Reading, Eating, Etc.

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It’s May–my favorite month. Month of mothers. Month of Mary. Month of my favorite (albeit sentimental) Marian hymn. Month my husband and I met and fell in love and later got married in. Even though the unbearable Texas heat is starting to settle in, I can’t help but be happy this month and want to pass the days sipping elderflower cordial.

Reading

Books:

The Little Oratory: finally started and finished (this was my third attempt). I found it an interesting reflection on the relationship between the physical styling of a home and the interior spiritual life of the family. Also, it’s just a generally good resource about how to cultivate prayer in the home when you’re feeling overwhelmed about all the devotions and traditions you could potentially incorporate. And it really made me want to learn and make chant a part of family prayer life.

These Beautiful Bones: such a good read. Such an accessible and needed book especially since I feel the main message teenagers take away from Theology of the Body is that it’s all about sex. Of course, that’s to be expected when it’s promulgated to an audience drowning in an over-sexualized culture. But Theology of the Body is so much more and this book is an excellent resource for anyone, Catholic or not, who wants a deeper understanding of the Christian vision of what it means to be made in the image and likeness of an incarnate God. Now, I can’t wait to read The Catholic Table.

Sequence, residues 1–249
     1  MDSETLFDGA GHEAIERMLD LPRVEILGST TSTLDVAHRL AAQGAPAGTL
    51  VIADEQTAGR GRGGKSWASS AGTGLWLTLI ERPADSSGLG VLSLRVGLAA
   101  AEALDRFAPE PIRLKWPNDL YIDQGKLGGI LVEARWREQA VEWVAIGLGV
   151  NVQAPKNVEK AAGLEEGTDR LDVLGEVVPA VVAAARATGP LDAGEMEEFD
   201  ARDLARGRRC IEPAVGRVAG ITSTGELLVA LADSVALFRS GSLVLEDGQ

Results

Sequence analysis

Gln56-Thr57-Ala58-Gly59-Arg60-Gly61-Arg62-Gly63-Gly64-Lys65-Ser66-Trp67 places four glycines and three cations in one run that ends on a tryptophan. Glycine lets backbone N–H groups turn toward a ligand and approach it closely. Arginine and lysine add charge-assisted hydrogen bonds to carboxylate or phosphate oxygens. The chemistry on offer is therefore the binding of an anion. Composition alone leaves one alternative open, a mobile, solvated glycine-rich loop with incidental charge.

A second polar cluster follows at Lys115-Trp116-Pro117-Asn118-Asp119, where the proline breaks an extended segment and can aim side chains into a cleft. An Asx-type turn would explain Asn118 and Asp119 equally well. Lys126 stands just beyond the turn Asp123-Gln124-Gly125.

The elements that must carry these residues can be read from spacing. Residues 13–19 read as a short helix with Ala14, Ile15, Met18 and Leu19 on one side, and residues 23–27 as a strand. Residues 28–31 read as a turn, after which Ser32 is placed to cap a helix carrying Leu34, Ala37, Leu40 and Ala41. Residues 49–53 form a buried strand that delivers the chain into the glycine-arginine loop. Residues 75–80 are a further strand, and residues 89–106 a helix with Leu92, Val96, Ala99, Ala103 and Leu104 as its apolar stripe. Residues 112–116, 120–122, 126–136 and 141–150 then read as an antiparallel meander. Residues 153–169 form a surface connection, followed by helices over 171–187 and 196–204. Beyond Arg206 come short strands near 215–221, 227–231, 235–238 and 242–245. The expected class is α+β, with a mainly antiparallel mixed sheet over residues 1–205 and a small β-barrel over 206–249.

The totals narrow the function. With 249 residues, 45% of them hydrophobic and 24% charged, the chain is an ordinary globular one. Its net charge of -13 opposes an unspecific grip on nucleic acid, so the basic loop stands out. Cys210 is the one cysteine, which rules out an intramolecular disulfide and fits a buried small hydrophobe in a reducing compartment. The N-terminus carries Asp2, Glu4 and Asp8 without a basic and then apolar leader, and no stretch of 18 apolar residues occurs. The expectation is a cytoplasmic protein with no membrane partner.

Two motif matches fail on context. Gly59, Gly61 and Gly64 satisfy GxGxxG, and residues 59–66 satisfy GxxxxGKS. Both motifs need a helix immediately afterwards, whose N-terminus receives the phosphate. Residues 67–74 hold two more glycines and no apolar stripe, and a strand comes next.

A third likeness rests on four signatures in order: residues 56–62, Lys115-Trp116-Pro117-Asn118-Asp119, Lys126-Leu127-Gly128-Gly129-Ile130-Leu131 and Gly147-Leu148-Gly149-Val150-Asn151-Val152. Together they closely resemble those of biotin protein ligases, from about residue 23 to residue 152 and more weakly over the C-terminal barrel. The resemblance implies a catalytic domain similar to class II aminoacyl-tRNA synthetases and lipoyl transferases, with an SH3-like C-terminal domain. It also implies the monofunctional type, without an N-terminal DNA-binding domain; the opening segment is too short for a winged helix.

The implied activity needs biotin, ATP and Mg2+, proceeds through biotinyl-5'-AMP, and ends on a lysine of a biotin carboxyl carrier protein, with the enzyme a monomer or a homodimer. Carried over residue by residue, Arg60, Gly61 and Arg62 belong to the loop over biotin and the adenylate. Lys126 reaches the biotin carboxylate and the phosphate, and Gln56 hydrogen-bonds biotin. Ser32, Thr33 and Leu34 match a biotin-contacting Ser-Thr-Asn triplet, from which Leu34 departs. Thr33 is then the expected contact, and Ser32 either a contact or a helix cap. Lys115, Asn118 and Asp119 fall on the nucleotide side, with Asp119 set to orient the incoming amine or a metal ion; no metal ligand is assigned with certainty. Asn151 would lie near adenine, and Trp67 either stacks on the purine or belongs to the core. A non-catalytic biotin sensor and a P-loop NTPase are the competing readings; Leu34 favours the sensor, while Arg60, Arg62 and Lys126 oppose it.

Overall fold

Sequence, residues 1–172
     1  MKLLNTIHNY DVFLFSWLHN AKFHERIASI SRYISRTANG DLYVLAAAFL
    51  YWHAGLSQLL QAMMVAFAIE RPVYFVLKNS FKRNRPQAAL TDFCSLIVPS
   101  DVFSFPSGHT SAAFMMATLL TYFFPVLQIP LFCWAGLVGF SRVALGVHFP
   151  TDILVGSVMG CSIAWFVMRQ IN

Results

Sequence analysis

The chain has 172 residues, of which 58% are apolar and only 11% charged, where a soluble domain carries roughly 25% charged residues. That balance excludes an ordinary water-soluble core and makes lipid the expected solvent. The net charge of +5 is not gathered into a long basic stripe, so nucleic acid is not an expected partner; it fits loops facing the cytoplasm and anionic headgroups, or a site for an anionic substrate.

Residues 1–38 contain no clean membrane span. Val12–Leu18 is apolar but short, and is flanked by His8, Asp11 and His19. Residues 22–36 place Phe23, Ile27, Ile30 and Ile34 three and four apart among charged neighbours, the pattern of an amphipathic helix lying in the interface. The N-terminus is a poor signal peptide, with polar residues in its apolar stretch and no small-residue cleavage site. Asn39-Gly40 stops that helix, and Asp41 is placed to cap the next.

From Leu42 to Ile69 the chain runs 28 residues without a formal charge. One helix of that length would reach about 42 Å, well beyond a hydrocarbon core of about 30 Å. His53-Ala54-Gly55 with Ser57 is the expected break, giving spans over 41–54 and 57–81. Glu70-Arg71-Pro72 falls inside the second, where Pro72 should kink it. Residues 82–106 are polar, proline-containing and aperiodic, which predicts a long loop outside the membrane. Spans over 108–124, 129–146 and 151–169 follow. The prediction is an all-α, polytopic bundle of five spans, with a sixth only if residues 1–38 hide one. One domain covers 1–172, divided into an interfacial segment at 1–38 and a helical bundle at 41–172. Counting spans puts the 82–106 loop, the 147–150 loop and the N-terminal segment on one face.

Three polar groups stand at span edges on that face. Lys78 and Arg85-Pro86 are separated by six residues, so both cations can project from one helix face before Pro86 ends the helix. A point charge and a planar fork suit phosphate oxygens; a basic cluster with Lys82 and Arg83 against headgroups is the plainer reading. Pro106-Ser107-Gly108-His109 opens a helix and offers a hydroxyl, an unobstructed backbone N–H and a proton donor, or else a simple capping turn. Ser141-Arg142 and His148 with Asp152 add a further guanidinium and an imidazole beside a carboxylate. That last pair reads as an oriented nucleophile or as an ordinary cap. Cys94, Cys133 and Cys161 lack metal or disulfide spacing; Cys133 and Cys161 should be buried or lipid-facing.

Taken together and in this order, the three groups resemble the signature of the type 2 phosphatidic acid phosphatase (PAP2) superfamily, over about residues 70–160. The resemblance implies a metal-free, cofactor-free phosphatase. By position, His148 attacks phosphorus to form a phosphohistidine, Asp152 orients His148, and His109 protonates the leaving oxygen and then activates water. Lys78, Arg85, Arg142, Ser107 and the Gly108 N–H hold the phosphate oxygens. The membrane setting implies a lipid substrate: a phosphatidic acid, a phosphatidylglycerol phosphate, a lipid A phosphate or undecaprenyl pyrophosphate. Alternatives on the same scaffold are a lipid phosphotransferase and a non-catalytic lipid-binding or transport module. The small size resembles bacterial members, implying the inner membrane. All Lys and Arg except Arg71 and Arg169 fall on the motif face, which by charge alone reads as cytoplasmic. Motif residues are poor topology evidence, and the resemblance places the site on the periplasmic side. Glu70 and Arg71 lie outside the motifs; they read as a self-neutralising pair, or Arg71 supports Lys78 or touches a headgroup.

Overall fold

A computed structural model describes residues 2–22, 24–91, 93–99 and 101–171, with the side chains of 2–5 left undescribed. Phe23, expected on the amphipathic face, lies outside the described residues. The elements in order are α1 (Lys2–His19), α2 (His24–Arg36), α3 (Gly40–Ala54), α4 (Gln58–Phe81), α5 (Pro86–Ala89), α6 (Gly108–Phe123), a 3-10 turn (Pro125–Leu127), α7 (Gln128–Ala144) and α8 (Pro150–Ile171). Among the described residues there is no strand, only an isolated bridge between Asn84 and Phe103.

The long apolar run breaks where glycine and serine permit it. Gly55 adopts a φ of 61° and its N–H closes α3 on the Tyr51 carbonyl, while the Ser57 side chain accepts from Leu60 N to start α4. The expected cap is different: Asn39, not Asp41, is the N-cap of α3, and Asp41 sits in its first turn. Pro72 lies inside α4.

Middlemarch: I am liking it and am expecting to love it by the end because there are glowing reviews everywhere I turn. It’s already a good cautionary tale for making big life choices (e.g. who you marry). However, it’s just so massive that every time I look at it, I want to opt for Netflix. But a few bits that I’ve especially liked so far:

“Curiously enough, his pain in the affair beforehand had consisted almost entirely in the sense that he must seem dishonourable, and sink in the opinion of the Garths…Indeed we are most of us brought up in the notion that the highest motive for not doing a wrong is something irrespective of the beings who would suffer the wrong.” 

“Mrs. Bulstrode’s naive way of conciliating piety and worldliness, the nothingness of this life and the desirability of cut glass, the consciousness at once of filthy rags and best damask…”

“It is an uneasy lot at best, to be what we call highly taught and yet not to enjoy: to be present at this great spectacle of life and never to be liberated from a small hungry shivering self–never to be fully possessed by the glory we behold, never to have our consciousness rapturously transformed into the vividness of a thought, the ardour of a passion, the energy of an action, but always to be scholarly and uninspired, ambitious and timid, scrupulous and dim-sighted.” Made me think of this article again.

Articles:

Concrete ways to help in tough times

A Voice from Heaven: an eloquent reflection on experiencing loss through the lens of C.S. Lewis and the Book of Revelation.

We are Travelers: I’m always thinking about Christian pilgrimage vs. secular wanderlust not only in terms of physical travel but as radically different mindsets in this journey of life.

Being Radical: Choosing to Live within the Context of Creation: I mean, basically what I was rattling on about in half of this post.